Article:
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From Henry Robinson <he...@cloudera.com>
Subject Re: Getting rid of thirdparty
Date Thu, 10 Mar 2016 19:10:09 GMT
I didn't think that binaries were uploaded to any repository, but instead
to S3 (and therefore there's no version history) or some other URL. That's
what I'd suggest we continue to do.

Cloudera and the Apache Impala project should do what's best for them,
independently. I bet Cloudera can fork the native-toolchain repository and
set the dependency versions as desired. Then the dependencies can be
uploaded to a Cloudera-specific location.

Maven would also be an ok route to explore - are start / stop scripts etc.
routinely checked into Maven by other projects? The nice thing about the
toolchain is that we can usually rely on a longer lifetime for published
artifacts (in my experience, dependencies can come and go with Maven).

On 10 March 2016 at 11:03, Casey Ching <casey@cloudera.com> wrote:

> I suspect we can actually run all the test services using the maven
> artifacts. Maybe we can investigate that?
>
> There’s not enough information about #1. How do updates work? The nice
> thing about the current setup is anyone can checkout any commit and there’s
> a decent chance that checkout will build. Are we going to keep that
> ability? How does this work for Cloudera, Apache, and others, are we going
> to upload all test binaries to the same repo?
>
>
> On March 10, 2016 at 10:52:07 AM, Jim Apple (jbapple@cloudera.com) wrote:
> Both #1 and #3 seem reasonable to me. I think #2 should be avoided because
> the Con you listed will, I think, make contributing to Impala difficult
> for
> new contributors, and I think that's more serious than the Cons for #1 and
> #3.
>
> On Thu, Mar 10, 2016 at 10:38 AM, Henry Robinson <henry@apache.org>
> wrote:
>
> > One of the tasks remaining before we can push Impala's code to the ASF's
> > git instance is to reduce the size of the repository. Right now even a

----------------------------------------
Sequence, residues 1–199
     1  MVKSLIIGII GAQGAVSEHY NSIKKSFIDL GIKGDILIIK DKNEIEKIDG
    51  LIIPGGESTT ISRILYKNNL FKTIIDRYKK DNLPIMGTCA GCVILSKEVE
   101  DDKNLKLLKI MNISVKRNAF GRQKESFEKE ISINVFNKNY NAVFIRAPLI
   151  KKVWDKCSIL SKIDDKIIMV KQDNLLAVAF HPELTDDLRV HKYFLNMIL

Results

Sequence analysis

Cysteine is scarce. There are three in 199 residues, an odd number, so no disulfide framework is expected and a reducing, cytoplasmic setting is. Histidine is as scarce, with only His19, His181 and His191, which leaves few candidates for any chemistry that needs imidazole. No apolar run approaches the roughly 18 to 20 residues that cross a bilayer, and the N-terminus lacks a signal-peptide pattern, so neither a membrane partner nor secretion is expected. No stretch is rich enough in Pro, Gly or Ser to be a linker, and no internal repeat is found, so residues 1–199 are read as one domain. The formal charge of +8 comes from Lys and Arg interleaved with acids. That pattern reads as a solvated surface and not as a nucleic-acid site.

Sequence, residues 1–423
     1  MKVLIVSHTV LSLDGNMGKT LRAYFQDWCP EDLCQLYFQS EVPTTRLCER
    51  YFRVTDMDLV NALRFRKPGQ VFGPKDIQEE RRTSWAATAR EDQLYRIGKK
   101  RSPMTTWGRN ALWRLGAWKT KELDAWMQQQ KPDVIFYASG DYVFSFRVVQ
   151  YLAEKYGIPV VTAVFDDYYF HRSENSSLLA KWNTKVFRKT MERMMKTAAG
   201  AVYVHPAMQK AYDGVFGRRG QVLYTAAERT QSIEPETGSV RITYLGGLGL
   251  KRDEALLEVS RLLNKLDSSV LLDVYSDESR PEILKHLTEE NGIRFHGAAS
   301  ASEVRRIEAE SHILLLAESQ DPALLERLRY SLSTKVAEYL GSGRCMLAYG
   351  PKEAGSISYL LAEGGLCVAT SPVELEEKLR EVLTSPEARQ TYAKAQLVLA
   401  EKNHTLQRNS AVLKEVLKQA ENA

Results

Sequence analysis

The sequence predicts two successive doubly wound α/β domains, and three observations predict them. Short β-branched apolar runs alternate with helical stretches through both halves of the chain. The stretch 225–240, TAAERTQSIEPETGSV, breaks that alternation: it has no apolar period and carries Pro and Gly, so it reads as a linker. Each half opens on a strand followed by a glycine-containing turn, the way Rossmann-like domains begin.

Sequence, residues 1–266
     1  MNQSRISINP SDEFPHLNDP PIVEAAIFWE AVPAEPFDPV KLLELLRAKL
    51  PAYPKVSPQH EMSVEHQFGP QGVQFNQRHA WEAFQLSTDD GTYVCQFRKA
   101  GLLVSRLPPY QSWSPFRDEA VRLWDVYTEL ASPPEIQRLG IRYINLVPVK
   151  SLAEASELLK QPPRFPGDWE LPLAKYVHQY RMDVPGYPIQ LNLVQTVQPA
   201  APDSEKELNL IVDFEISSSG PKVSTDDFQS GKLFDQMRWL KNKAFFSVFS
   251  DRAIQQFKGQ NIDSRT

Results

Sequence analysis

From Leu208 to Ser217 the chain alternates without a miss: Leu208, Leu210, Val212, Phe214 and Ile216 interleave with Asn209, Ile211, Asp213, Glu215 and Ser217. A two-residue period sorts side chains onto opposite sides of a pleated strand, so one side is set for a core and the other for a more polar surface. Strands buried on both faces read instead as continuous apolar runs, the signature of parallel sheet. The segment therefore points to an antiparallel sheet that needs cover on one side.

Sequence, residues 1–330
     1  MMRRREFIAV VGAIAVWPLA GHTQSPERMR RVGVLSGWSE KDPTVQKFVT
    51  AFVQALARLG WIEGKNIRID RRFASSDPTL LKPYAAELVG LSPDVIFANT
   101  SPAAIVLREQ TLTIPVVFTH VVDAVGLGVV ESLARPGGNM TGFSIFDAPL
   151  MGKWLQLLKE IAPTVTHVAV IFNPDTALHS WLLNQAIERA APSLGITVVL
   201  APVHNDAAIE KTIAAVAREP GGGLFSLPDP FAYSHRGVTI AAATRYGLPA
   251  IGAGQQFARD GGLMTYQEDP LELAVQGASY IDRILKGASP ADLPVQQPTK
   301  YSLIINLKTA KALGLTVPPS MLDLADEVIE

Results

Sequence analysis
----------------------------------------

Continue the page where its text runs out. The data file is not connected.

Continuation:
> > checkout of origin/cdh5-trunk is in the multi-GB range.
> >
> > The vast majority of that is in the thirdparty/ directory, which adds up
> > over the git history to be pretty huge with all the various versions
> we've
> > checked in. Removing it shrinks cdh5-trunk to ~200MB. So I propose we
> get
> > rid of thirdparty/ altogether.
> >
> > There are two main dependency types in thirdparty/. The first is a
> > compile-time C++ dependency like open-ldap or avro-c. These are (almost)
> > all superseded by the toolchain (see
> > https://github.com/cloudera/native-toolchain) build. A couple of
> > exceptions
> > are Squeasel and Mustache which don't produce their own libraries but
> are
> > source files directly included in the Impala build. I don't see a good
> > reason we couldn't move those to the toolchain as well.
> >
> > The other kind of dependency are the test binaries that are used when we
> > start Impala's test environment (i.e. start the Hive metastore, HBase,
> etc,
> > etc.). These are trickier to extract (they're not just JARs, but
> bin/hadoop
> > etc. etc.). We also need to be able to change these dependencies pretty
> > efficiently - the upstream ASF repo should use ASF-released artifacts
> here,
> > but downstream vendors (like Cloudera) will want to replace the ASF
> > artifacts with their own releases.
> >
> > Note that the Java binaries in thirdparty/ are *not* the compile-time
> > dependencies for Impala's Java frontend - those are resolved via Maven.
> > It's a bad thing that there's two dependency resolution mechanisms, but
> we
> > might not be able to solve that issue right now.
>
> >
> > So what should we do with the test dependencies? I see the following
> > options:
> >
> > 1. Put them in the native-toolchain repository. *Pros:* (almost) all
> > dependency resolution comes from one place. *Cons:* native-toolchain
> would
> > change very frequently as new releases happen.
> >
> > 2. Don't provide any built-in mechanism for starting a test environment.
> If
> > you want to test Impala - set up your own Hadoop cluster instance.
> > *Pros:* removes
> > a lot of complexity *Cons: *pushes a lot of work onto the user, makes it
> > harder to run self-contained tests.
> >
> > 3. Have a separate test-dependencies repository that does basically the
> > same thing as the toolchain. *Pros:* separates out fast-moving
> dependencies
> > from slow-moving ones *Cons:* more moving parts. HDFS would need to be
> in
> > both repositories (as libhdfs is a compile-time dependency for the
> > backend).
> >
> > My preference is for option #1. We can do something like the following:
> >
> > * Add a cmake target to 'build' a test environment (resolve test
> > dependencies, start mini-cluster using checked-in scripts)
> > * Add scripts to native-toolchain to download tarballs for HBase, HDFS,
> > Hive and others just like compile-time dependencies. Update Impala's
> CMake
> > scripts to use those the local toolchain directory to find binaries,
> > management scripts etc.
> > * During each upstream release, add any new dependencies to
> > native-toolchain, and update impala.git/bin/impala-config.sh with the
> new
> > version numbers.
> >
> > What does everyone think?
> >
>



-- 
Henry Robinson
Software Engineer
Cloudera
415-994-6679

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